As I walked along I gave myself a pep talk: “you’ve played numerous seasons of hockey in the Scottish winter, woman! You can do this!” And I’m glad that the voices in my head prevailed... 

At the track there turned out to be 8 of us plus Karen, and the rain died down so it was only freezing cold now and not wet. Relentless positivity, anyone? To try to explain just how cold it was, I had three layers on and an ear-warmer headband, and not one item of clothing was removed over the course of the session! 

A short ‘warm’ up of two laps round the track, some drills (walking on toes, walking on hills, high knees, bum kicks etc.) Karen explained the session. The regulars told me that each week was different and you don’t get told in advance so nobody knew what to expect... Karen paired us up in a two-man team, and told us we were to do non-stop 400m relays. For 25 minutes. Yup. 25 minutes solid. Ouch! 

Once we got going though it actually didn’t seem too bad. That is until after our 3rd or 4th lap of the 400m track when the legs really got tired and the lungs hurt from the cold air. For some reason I always seemed to die at 200m and had to spend the remainder of the lap screaming: c’mon stupid legs, work!! 

Battersea track in sunnier times!
We kept pushing through, supporting and cheering each other on the rounds and getting some tips from Karen while we recovered. For example, it’s much more efficient to run with short, fast strides than with long slow ones – my preferred mode of ‘bounding’ around the track. I tried the shorter strides out on my next few laps and, while I can’t vouch for efficiency or graceful technique, I certainly felt like I was running much faster! 

Team Josie & Katy managed 9 laps each in the 25 minutes, averaging around 7min mile pace. We were knackered at the end, but with happy, rosy-cheeked faces :) Time will tell how much these sessions will help my running, but it was great to mix up the training and to meet some new people; I really enjoyed it and will definitely be back: ‘Wednesday track’ is now a solid fixture in the marathon training plan! 

If you fancy channelling you inner Usain Bolt and getting down for some track action then get in touch with Karen – the sessions are held on Wednesdays at Battersea Millennium Park, cost £8.90: £3.90 to the track and £5 to Karen. 

Have you tried track training or other forms of speed work? Did it make a difference to your running?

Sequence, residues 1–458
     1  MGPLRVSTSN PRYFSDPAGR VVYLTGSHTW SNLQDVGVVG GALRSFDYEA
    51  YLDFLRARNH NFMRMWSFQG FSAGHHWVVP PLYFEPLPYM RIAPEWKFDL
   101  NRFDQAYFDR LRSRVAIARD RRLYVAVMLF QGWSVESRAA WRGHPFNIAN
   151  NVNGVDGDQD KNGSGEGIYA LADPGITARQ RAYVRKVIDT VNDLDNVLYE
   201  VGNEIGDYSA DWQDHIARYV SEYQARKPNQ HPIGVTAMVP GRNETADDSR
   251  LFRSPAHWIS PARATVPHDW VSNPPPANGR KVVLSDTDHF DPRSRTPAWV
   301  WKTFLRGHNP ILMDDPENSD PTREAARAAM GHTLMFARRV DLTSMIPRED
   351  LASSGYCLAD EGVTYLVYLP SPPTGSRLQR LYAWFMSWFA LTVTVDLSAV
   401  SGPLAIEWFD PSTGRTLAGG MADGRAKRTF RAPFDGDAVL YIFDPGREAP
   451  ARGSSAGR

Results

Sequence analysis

Katy | City Girl Fit

Friday, 15 November 2013

The week in training - too much (in one day) too soon?

So last week training took a bit of a back seat in favour of some fun stuff, and I'm still not quite in to my 18 week marathon plan. Nevertheless, I'm already I'm finding that fitting my not-yet-at-full-marathon-mode training in around work is tough. As I couldn't fit in my 4 runs this week I decided to push it hard for a few days. Not advised! Here's a breakdown of training this week so far: 

  • Sunday - crazy day: think I just about ran a marathon in 4 parts!
  • Monday - yoga
  • Tues & Wed - away for work trip
  • Thursday -6 miles + hills
  • Friday - yoga

Last Sunday turned out to be an epic adventure of non-stop movement in one day. 

It began with a 6am alarm call: up, quick shower, get in to running kit (this took a bit longer than usual - it was cold-ass morning, so extra layering required!) I love it when you get rewarded you for an early rise, and this Sunday my reward was a beautiful sky lighting up the London skyline... 

Good morning, London!
I was at Clappy J (oh god. I've been watching too much MIC, haven't I...) to catch the train to Putney to meet up with Stephanie and Jess, who were kind enough to let me tag along on their 12-13 mile run along the Thames path. I hadn't yet run this route, so was quite looking forward to some new scenery and a bit of trail action. 

It was also a great opportunity to try out my new New Balance trail shoes and test out approaches for eating/hydration for longer runs. I ate a coconut and macadamia Bounce ball on the way over (a treat from my Zero Calorie Advent goody bag!) and had a glass of tri-berry nuun - I love this stuff for pre and post run hydration. So tasty! - before I left the house at 6.30. There was a gel in my run bumbag - yeah, bumbag. Super, sexy, cool, I know - should I feel the need to use it.